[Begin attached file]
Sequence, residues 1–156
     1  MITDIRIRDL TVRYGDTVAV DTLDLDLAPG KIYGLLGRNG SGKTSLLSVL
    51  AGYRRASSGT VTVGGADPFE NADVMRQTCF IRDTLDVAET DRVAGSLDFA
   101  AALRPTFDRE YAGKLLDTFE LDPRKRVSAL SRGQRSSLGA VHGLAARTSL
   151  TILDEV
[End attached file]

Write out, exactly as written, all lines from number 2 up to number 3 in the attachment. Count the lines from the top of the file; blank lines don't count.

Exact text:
     1  MITDIRIRDL TVRYGDTVAV DTLDLDLAPG KIYGLLGRNG SGKTSLLSVL
    51  AGYRRASSGT VTVGGADPFE NADVMRQTCF IRDTLDVAET DRVAGSLDFA